During the last few years the Unmanned Aircraft Systems (UAS) industry/sector has seen sustained growth, mainly through the development and maturing of military applications and followed by wide recognition of their possibilities in civilian applications which include: border control, coastguard, law enforcement, pipeline and powerline monitoring, earth and environmental observations, communications and many more. These systems can potentially offer lower cost and investment risk as well as low infrastructure requirements for tactical intelligence, surveillance and reconnaissance (ISAR).

ITM Power CEO, Dr. Graham Cooley, commented: “ITM Power has had a dialogue with Boeing Research & Technology –Europe for several years and actually completed some of the early ground work that led to the inception of the off-grid solar-based refuelling station for UAS that Boeing Research & Technology Europe is developing in Spain. I am delighted that Boeing Research & Technology Europe has now returned to ITM Power to complete the project with our PEM electrolyser technology and I look forward to taking our relationship further”.

Francisco Escartí, Managing Director, of Boeing Research & Technology Europe, commented: “We are very excited to test ITM Power´s PEM electrolyzer technology in our off-grid solar-based refueling station for UAS”.

February 27, 2012 - 8:05 AM No Comments

The Carbon Trust has invested in a novel, low-cost fuel cell architecture which is being commercialised by UCLB and Imperial Innovations

The Carbon Trust is injecting over half a million pounds into a collaboration between UCL and Imperial College to accelerate the commercialisation of an innovative fuel cell.

The new technology could help the UK gain a significant share of a fuel cell market estimated by the Carbon Trust to be worth up to $26bn in 2020.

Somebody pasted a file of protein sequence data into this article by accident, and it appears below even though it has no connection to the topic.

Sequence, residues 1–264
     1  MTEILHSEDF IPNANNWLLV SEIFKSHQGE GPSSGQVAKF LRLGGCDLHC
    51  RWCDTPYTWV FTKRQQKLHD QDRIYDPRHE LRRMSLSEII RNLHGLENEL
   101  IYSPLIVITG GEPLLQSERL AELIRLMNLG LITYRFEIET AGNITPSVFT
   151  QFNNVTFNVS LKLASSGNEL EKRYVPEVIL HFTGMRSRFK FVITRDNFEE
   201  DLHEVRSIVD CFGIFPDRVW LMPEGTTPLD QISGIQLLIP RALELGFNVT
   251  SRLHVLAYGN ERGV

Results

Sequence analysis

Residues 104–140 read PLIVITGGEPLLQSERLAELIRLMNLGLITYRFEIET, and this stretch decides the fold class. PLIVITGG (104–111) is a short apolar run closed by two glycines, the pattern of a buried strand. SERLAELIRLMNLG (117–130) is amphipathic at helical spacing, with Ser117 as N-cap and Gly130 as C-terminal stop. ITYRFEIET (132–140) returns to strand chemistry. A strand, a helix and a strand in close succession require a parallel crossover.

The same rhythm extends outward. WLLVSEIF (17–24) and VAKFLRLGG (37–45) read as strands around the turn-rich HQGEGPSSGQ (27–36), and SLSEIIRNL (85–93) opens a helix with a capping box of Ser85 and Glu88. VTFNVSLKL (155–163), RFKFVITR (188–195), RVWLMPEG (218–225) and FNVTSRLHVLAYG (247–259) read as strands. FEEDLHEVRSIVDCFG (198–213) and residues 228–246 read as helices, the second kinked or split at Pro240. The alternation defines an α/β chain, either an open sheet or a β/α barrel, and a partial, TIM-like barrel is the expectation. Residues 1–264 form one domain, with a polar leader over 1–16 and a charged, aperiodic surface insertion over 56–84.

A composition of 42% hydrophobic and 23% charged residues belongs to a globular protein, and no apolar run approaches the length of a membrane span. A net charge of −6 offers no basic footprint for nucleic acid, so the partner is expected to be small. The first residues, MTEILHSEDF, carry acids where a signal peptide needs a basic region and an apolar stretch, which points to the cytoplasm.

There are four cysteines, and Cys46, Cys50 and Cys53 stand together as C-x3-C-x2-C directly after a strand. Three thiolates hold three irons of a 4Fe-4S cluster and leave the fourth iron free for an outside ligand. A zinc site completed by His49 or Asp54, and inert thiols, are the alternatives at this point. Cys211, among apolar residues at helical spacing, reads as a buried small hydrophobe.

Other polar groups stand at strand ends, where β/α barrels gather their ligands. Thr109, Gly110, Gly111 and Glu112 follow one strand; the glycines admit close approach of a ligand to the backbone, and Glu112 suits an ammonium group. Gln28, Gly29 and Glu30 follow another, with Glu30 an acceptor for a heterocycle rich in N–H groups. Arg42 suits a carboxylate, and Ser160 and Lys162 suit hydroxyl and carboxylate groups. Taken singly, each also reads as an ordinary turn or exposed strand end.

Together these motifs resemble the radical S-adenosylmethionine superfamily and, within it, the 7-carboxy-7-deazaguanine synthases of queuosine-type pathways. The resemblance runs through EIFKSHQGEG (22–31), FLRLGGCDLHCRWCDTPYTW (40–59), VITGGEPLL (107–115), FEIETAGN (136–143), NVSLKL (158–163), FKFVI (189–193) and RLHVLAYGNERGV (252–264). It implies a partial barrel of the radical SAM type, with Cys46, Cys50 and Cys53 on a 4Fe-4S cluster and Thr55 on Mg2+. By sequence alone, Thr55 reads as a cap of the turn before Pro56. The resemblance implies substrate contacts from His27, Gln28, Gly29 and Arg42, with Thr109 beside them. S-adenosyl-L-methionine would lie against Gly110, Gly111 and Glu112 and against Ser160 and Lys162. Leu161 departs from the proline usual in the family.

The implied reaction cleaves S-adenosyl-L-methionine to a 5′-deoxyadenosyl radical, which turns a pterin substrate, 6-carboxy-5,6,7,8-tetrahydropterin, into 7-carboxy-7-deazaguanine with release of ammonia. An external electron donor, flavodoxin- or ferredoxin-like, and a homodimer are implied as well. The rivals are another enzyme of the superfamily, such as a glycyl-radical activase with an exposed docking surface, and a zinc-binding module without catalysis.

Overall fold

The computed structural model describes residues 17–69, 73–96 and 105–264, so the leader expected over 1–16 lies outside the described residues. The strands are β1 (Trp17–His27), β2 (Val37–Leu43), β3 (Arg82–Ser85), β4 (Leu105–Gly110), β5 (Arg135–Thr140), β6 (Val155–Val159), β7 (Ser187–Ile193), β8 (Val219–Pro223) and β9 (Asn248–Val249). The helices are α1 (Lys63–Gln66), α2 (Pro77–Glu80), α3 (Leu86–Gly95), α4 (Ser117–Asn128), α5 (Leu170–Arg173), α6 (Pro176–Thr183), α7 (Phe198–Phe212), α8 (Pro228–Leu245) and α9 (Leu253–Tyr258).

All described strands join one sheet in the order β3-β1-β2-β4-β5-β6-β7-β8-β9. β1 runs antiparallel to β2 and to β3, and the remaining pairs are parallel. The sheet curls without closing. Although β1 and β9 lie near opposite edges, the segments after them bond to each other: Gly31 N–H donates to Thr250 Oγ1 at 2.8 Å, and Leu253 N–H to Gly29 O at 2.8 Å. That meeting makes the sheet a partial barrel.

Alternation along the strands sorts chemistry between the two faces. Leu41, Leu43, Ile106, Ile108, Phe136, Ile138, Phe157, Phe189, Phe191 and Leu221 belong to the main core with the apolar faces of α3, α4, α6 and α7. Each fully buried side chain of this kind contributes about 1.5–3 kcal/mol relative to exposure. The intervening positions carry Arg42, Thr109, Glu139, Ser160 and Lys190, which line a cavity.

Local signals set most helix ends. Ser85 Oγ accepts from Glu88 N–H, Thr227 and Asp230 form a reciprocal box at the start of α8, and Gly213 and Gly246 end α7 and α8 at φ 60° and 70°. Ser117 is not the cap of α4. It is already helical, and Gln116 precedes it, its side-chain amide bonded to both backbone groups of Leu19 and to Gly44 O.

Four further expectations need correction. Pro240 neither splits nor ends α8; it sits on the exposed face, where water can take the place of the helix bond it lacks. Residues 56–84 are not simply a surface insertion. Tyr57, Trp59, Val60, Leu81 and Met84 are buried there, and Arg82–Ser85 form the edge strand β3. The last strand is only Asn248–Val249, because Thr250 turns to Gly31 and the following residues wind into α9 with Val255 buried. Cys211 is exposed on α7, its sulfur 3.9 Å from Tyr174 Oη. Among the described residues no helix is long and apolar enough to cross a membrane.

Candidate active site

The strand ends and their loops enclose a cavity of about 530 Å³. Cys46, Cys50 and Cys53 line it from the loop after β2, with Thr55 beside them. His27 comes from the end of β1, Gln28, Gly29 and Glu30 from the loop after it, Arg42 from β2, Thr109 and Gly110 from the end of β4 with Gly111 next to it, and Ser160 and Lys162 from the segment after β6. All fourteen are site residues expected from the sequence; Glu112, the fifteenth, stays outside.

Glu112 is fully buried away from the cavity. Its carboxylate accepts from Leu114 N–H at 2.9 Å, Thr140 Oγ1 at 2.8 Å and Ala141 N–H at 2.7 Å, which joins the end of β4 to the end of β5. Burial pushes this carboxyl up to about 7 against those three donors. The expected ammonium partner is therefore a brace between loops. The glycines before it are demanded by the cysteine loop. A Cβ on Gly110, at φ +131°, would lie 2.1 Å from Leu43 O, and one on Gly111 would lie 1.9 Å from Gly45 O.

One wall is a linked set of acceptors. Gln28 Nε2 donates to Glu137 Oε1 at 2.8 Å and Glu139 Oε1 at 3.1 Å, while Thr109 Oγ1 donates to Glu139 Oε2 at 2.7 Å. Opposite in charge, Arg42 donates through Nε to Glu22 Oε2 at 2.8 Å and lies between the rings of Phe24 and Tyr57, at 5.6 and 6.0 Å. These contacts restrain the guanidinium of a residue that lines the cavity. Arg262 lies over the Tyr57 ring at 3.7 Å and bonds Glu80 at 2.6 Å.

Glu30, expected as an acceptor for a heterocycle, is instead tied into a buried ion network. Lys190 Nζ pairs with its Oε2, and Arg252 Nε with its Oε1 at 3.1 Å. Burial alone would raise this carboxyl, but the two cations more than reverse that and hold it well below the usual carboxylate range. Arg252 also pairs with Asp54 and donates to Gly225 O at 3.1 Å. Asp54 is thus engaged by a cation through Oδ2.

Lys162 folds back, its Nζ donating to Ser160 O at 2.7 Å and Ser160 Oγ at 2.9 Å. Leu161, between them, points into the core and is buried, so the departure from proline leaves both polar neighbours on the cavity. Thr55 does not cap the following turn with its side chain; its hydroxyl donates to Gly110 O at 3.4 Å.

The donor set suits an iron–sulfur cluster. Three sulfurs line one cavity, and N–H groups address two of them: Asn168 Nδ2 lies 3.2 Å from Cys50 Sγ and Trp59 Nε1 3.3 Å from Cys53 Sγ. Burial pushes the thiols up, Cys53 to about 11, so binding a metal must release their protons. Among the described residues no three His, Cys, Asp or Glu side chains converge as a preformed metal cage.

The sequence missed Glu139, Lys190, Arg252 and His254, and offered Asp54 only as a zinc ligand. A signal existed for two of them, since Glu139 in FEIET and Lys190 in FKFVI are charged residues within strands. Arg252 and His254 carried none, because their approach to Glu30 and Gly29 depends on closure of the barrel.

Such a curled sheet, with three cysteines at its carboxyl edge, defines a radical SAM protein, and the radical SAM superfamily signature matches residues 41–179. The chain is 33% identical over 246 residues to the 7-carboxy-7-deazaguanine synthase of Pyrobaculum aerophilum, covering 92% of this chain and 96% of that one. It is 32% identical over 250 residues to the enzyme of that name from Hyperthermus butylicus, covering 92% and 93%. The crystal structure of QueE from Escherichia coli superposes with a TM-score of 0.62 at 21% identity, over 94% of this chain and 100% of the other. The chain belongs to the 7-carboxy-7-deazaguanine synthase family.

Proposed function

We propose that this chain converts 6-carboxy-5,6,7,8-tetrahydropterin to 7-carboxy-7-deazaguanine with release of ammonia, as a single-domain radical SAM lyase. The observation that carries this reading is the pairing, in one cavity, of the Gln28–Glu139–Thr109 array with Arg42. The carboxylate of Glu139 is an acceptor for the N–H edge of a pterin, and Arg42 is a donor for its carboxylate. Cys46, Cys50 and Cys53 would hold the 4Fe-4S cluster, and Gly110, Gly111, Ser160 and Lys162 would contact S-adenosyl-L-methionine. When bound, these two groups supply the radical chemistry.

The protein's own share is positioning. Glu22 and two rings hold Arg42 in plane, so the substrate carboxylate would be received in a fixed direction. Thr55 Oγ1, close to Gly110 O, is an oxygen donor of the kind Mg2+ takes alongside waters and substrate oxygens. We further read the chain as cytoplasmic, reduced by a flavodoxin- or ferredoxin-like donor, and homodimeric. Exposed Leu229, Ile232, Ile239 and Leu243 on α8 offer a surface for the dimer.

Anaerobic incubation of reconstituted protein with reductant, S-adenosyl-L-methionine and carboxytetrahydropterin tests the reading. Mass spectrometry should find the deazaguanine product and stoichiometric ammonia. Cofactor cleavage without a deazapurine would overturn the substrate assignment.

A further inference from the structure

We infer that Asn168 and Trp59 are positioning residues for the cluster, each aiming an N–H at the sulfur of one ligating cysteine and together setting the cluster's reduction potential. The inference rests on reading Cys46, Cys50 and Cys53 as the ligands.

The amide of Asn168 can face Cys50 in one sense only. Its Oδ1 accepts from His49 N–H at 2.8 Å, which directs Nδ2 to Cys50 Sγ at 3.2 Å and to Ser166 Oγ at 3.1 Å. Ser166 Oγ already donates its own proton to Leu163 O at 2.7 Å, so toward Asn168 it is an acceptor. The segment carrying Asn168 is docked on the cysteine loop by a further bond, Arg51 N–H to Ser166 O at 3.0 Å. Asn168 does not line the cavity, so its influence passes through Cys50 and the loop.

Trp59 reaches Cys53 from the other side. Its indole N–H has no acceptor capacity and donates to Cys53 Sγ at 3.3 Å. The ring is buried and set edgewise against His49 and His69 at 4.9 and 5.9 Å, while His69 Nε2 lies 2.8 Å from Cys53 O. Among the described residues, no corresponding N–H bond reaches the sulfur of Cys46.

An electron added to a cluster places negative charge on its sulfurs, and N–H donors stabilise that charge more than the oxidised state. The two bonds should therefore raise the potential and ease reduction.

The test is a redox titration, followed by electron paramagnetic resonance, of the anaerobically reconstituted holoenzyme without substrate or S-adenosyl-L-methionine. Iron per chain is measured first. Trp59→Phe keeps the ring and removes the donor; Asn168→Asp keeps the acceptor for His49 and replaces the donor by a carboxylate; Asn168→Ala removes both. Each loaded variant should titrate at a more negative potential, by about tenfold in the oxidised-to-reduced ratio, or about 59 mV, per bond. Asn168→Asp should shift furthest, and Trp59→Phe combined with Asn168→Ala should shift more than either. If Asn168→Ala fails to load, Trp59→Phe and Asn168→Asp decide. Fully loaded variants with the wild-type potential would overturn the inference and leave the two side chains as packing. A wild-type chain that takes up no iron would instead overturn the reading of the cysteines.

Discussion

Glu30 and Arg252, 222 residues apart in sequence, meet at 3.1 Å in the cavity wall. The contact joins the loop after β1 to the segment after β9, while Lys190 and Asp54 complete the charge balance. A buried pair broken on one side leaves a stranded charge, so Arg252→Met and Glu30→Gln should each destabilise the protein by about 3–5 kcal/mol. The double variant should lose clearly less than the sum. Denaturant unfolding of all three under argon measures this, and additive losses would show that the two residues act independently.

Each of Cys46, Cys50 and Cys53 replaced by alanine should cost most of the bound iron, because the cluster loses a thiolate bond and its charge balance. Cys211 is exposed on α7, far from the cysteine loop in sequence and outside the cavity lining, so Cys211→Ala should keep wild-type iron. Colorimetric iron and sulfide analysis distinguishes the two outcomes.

Fuel cells efficiently convert the chemical energy contained in a fuel directly into electricity – they produce electricity like a battery but are fuelled like an engine or a boiler. Although fuel cells are already emerging in specific markets, they are currently too expensive for widespread commercial applications, such as road vehicles and co-generating heat and power. A reduction of a third in the cost of mass-producing a fuel cell system could unlock a global fuel cell market worth billions of pounds annually.

The Carbon Trust is running the Polymer Fuel Cell Challenge (PFCC) to develop, prove and commercialise novel fuel cell technologies which have the potential to deliver a step-change in overall system cost.

The UCL and Imperial College collaboration led by Dr Dan Brett (UCL Department of Chemical Engineering) and Professor Anthony Kucernak (Imperial College Department of Chemistry) is developing a fuel cell stack that could offer significant cost savings by using existing high-volume manufacturing techniques employed in the production of circuit boards.

Dr Tim Fishlock, Senior Business Manager at UCLB, said: ‘This novel fuel cell stack has huge commercial potential and the funding from the Carbon Trust comes at a critical point in its development.
UCLB has also invested its own proof-of-concept funds into the project and we continue to work with our colleagues at Imperial Innovations to help bring this exciting technology to market’.

About the Carbon Trust

The Carbon Trust is a not-for-profit company with the mission to accelerate the move to a low carbon economy, providing specialist support to business and the public sector to help cut carbon emissions, save energy and commercialise low carbon technologies. By stimulating low carbon action we contribute to key UK goals of lower carbon emissions, the development of low carbon businesses, increased energy security and associated jobs.

For further information, please visit www.carbontrust.co.uk

About UCLB

UCLB is a leading technology transfer company that supports and commercialises research and innovations arising from UCL, one of the UK’s top research-led universities. UCLB has a successful track record and a strong reputation for identifying and protecting promising new technologies and innovations from UCL academics. It invests directly in development projects to maximise the potential of the research and manages the commercialisation process of technologies from the laboratory to market. UCLB supports UCL’s Grand Challenges of increasing UCL’s positive impact on and contribution to Global Health, Sustainable Cities, Intercultural Interaction and Human Wellbeing.